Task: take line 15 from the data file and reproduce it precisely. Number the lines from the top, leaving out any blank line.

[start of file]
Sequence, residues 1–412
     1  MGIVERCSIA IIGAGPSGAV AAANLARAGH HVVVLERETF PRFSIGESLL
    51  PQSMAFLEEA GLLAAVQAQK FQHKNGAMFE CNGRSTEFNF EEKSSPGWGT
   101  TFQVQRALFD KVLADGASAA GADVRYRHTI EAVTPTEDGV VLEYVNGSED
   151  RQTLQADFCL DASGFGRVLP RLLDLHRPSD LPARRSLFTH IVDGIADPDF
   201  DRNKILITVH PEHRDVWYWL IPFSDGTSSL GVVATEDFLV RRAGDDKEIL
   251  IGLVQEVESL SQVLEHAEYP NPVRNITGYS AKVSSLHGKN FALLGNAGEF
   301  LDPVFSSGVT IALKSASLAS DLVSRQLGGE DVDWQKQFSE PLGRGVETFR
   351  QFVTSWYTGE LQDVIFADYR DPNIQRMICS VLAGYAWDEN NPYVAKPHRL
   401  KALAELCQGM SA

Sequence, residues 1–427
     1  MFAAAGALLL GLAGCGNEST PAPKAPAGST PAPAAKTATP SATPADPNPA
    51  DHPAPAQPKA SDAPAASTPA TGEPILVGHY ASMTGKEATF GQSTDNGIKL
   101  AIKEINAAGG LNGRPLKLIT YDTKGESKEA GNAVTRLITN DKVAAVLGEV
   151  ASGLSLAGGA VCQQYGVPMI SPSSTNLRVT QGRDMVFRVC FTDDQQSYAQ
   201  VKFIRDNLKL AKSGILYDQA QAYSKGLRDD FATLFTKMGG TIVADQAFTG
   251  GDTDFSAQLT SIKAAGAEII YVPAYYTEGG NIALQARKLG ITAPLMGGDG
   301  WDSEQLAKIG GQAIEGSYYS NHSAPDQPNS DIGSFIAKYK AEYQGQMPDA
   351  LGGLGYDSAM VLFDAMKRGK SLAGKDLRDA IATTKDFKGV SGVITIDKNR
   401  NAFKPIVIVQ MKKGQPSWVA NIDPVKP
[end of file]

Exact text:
   151  ASGLSLAGGA VCQQYGVPMI SPSSTNLRVT QGRDMVFRVC FTDDQQSYAQ